It’s a whale of a tale, but the big fish is definitely not the most important thing about this story!
Through the book of Jonah we see emphasized the themes of God’s sovereignty, mercy, and relentless love for all people – including evil rulers and rebellious prophets.
Summer is in full swing in our part of the world, and for a lot of people that means getting out on the water. Whether it’s a lake, river, or even the ocean, many of us enjoy escaping the cares of life to enjoy some splashing in the sun.
So it seems like a great time to do a sermon series that includes a whale of a tale! For the next four weeks, we’ll be taking a look at the short, Old Testament book of Jonah. And while it’s the big fish that swallows up both Jonah and our attention, it’s really not the most outrageous part of the story. As we will see, as we unpack this unbelievable but true fish story, there’s something far more outrageous going on!
Join us for Life Interrupted: Reluctant Prophet, Relentless God. What could be more unbelievable than a story about a man being swallowed by a fish and living to tell about it? You’ll just have to join us to find out!
We all make choices in life – good ones or not-so-good ones, and sooner or later there are consequences. And there’s not much you can do about the consequences, except for choosing how to respond to them.
We are in week two of a four-week summer series on the story of Jonah. This week, we’ll discover that Jonah, just like the rest of us, had to face consequences for his choices. And then, in the middle of his consequences (quite literally!) he had to choose how to respond. What happened next was directly linked to Jonah’s choice.
Join us this Sunday as we unpack the life-changing lessons the book of Jonah holds for us.
Sooner or later, it happens to all of us. Someone asks us to do something. And we know we should; we want to want to do it. We might even be aware that it’s something that God wants or is asking us to do. But we’re just not feeling it. We don’t want to. We are reluctant.
We are so focused on what we want, on our own needs, comfort, or agenda, that we don’t want to go out of our way or get out of our comfort zone, even when it’s God who asks us to. But if we don’t, if we give in to our reluctance, we’ll miss the blessing the follows obedience.
This is week three of our four-part series on the book of Jonah. I invite you to join us this Sunday as we discover that God can use even the most reluctant steps of obedience to bring about tremendous blessing.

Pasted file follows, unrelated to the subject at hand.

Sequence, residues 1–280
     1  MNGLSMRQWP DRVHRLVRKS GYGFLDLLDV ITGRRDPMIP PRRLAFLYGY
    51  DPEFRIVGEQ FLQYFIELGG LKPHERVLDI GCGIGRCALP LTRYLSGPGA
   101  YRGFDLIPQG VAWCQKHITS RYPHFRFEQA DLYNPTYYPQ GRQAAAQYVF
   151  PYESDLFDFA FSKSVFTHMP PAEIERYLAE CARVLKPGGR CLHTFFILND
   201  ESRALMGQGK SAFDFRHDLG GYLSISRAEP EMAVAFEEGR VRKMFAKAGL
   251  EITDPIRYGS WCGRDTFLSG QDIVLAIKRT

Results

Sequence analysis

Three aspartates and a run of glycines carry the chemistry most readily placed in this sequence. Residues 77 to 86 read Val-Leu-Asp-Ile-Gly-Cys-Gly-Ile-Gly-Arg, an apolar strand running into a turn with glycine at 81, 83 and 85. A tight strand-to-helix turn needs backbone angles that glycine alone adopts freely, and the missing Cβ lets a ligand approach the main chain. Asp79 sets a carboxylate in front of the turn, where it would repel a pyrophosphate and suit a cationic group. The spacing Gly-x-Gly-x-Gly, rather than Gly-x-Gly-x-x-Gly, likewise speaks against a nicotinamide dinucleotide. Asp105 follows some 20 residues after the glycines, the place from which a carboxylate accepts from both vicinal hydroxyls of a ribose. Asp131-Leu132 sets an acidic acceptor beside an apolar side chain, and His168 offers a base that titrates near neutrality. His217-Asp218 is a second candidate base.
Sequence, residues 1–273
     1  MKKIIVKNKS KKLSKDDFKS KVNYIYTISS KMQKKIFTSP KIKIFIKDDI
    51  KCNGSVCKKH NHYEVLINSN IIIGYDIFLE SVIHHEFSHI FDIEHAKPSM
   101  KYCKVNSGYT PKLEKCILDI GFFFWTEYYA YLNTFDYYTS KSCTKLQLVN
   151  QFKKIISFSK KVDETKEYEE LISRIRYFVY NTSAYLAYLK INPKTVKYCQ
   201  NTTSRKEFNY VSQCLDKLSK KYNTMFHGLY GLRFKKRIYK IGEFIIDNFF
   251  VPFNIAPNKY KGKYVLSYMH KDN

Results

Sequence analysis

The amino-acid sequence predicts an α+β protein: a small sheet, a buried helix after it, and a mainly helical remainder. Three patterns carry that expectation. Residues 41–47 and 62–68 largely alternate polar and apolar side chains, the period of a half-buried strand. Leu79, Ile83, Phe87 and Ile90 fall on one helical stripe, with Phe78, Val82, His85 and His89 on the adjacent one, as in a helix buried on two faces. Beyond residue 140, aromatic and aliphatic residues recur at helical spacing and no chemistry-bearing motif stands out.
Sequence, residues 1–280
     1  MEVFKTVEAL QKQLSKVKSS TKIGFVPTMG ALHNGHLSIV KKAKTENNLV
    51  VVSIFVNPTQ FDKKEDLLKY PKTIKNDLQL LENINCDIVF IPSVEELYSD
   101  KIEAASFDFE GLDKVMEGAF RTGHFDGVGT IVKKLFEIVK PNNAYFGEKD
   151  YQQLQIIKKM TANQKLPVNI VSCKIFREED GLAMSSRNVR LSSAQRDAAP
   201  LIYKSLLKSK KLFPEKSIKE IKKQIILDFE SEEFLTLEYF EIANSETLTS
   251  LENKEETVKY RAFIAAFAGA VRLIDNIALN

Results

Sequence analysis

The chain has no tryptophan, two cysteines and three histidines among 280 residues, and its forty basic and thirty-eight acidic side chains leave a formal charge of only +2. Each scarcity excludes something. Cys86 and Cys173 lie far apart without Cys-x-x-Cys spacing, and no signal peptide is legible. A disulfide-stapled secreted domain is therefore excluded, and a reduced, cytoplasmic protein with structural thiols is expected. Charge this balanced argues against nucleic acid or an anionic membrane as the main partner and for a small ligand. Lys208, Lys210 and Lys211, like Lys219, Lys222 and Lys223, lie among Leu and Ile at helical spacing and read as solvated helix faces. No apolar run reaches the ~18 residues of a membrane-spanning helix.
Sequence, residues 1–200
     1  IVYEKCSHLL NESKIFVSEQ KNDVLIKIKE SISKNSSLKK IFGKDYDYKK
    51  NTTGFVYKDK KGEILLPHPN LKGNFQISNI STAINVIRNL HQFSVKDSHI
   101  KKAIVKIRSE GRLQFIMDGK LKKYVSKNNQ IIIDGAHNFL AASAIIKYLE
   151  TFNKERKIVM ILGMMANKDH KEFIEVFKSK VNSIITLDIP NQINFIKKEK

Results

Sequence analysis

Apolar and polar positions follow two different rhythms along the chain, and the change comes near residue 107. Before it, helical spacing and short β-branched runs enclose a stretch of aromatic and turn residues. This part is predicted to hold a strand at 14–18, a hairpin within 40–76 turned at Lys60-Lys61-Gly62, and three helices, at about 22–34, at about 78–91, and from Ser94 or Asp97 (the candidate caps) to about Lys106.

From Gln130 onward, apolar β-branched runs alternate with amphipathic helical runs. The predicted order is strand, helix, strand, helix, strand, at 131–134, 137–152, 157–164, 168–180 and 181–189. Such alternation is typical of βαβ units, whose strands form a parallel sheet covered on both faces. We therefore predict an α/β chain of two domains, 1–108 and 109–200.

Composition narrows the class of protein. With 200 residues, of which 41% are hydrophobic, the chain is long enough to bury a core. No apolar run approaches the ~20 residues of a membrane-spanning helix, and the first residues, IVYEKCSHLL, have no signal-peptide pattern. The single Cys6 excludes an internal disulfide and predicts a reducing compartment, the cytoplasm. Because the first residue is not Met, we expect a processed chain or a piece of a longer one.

In an online article at Inc.com, Ryan Jenkins, author, speaker and generations expert writes, “Entitlement is perhaps the top word associated with the Millennial generation. In fact, 71 percent of American adults think of Millennials as “selfish,” and 65 percent think Millennials are ‘entitled.’” The Millennial generation – those born between 1980 and 1995, have been characterized as self-absorbed, narcissistic, overconfident, materialistic and lazy. (My apologies to any of you Millennials out there, but that’s what the research says!). There’s no shortage of information to support the assertions; studies have been completed, data has been analyzed, and reports have been published. When all is said and done, it seems to me that what it boils down to is a lot of unrealistic, unmet expectations and an inability to know what to do with them. But are these traits really a millennial thing or could it be that this is a human thing?
For the past few weeks, we’ve been working our way through the Old Testament story of Jonah in a series we’ve called Life Interrupted: Reluctant Prophet, Relentless God. And if the adjectives are accurate, in a lot of ways, Jonah seems like a misplaced millennial, filled with and driven by unmet and unrealistic expectations. Jonah, it seems, is a lot like us, in a lot of ways; regardless of generation.
Join us as we wrap up Jonah’s story this Sunday. Spoiler alert: there is no tidy ending. In fact, we’re left with loose ends and a couple of unanswered questions. But maybe that’s the point... to wrestle with our own unmet expectations – our inner millennial – and figure out what to do with them.